Common Goldeneye Drake With A Crayfish – We Were Both Lucky Ducks

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Drake Common Goldeneye with a crayfishDrake Common Goldeneye with a crayfish – Nikon D500, f8, , 1/1250, ISO 500, Nikkor 500mm VR with 1.4x TC, natural light

It is hard to figure out who is the lucky duck here, the Common Goldeneye for catching the crayfish or me for seeing the duck with the crayfish and photographing it. Well, unless I had my eyes glued to a phone screen it would have been hard to miss the duck because it was so close to the shoreline and to me that I had a hard time keeping the whole duck in my viewfinder.

This image is full frame and I just reduced it in size for web presentation. It would have been really easy to clip the tail of the duck because it was so close and I did in a few frames. I can’t even count how many times that golden eye is reflected in the water!

Common Goldeneye male with a crayfish in his billCommon Goldeneye male with a crayfish in his bill – Nikon D500, f8, , 1/1250, ISO 500, Nikkor 500mm VR with 1.4x TC, natural light

The duck was moving towards the left side of the frame while it had the crayfish in its bill as can be seen by the small bow wave in front of the bird. The crayfish still had its claws and unlike how Pied-billed Grebes deal with those claws by grasping them and shaking them off before swallowing the crayfish, I didn’t see the goldeneye take that step prior to consuming the crustacean.

This photo is also full frame and reduced in size for web presentation. I love the wiggly reflection of the golden eye and bright, white cheek spot in this image.

Close up view of a drake Common Goldeneye with a crayfish and lamellaeClose up view of a drake Common Goldeneye with a crayfish and lamellae – Nikon D500, f8, , 1/1250, ISO 500, Nikkor 500mm VR with 1.4x TC, natural light

I could see the lamellae in the duck’s bill through my lens and cropped in close on this image to show them. Some ducks have lamellae on their lower mandible that help the ducks to strain small animals, insects and plants out of the water and the mud. In this photo the lamellae can be seen above the head of the crayfish and in front of its legs inside the duck’s bill.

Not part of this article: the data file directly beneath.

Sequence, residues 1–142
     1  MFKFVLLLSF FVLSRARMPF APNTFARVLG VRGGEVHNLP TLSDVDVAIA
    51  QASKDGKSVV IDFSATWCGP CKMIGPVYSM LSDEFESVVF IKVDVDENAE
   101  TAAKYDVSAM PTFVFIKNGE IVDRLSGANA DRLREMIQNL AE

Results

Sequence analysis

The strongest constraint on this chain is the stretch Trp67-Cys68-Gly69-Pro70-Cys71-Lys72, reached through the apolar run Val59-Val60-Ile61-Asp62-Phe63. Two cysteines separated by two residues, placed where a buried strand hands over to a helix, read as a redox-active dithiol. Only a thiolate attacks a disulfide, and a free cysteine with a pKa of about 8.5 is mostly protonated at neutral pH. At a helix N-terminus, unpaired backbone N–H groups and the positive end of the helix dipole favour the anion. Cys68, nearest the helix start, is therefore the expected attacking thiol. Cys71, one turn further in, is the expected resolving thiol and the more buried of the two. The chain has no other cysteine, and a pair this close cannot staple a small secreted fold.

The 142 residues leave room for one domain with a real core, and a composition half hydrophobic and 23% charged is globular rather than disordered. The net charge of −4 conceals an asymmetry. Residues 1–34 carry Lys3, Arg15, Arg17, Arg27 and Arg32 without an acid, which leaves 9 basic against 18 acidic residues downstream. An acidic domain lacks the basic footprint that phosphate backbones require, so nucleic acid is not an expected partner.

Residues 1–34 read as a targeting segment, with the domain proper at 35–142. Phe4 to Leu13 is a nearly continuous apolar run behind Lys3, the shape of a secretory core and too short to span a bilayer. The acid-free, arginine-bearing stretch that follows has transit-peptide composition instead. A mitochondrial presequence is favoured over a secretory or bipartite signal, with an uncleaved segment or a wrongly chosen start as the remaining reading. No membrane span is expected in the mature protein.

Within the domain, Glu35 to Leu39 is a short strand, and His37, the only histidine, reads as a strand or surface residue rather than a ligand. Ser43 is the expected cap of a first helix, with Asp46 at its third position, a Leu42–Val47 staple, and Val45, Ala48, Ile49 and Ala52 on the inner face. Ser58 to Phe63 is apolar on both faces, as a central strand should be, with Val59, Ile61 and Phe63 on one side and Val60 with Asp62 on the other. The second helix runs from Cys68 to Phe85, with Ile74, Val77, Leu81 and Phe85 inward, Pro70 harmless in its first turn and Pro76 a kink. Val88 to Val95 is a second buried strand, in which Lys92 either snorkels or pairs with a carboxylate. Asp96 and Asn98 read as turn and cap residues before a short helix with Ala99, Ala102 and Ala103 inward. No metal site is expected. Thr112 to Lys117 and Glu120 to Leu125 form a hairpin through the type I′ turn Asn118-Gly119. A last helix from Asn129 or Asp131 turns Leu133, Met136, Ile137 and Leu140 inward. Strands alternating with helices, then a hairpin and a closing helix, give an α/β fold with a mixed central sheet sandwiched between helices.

Closer view of the lamellae of a Common GoldeneyeCloser view of the lamellae of a Common Goldeneye – Nikon D500, f8, , 1/1250, ISO 500, Nikkor 500mm VR with 1.4x TC, natural light

An even tighter crop shows the bumpy protrusions of the lamellae.

The Common Goldeneye turned with it’s back to me before it swallowed the crayfish whole, I would have enjoyed getting photos of that but I am happy with what I took.

I think the Common Goldeneye gets the prize for being the lucky duck but I get one too for photographing it.

Life is good.

Mia

6 Comments

  1. Elephants Child January 8, 2018 at 12:33 pm

    And we are lucky too.
    Thank you.

  2. Kathie January 8, 2018 at 9:30 am

    Mia, these photos are amazing. And, I learned a new word today: lamallae. I did not know about them. Nice to see them as well. I feel like a lucky duck to see these photos!

  3. Patty Chadwick one of my favorite birds January 8, 2018 at 7:50 am

    A wonderful series…love rhe close up view in the last…because you froze the action, it’s possible to see detail we’d miss otherwise…

  4. Marie Read January 8, 2018 at 7:40 am

    Cool!

  5. Liz Cormack January 8, 2018 at 7:29 am

    I have seen Great Egrets, Great Blue Herons, Pied-billed Grebes & the Common Goldeneyes all turn their backs when they swallow good-sized fish or crayfish. Privacy? Great photos.

  6. Ian Holland January 8, 2018 at 7:03 am

    Everybody was lucky, except the crayfish. Great photos.

Comments are closed.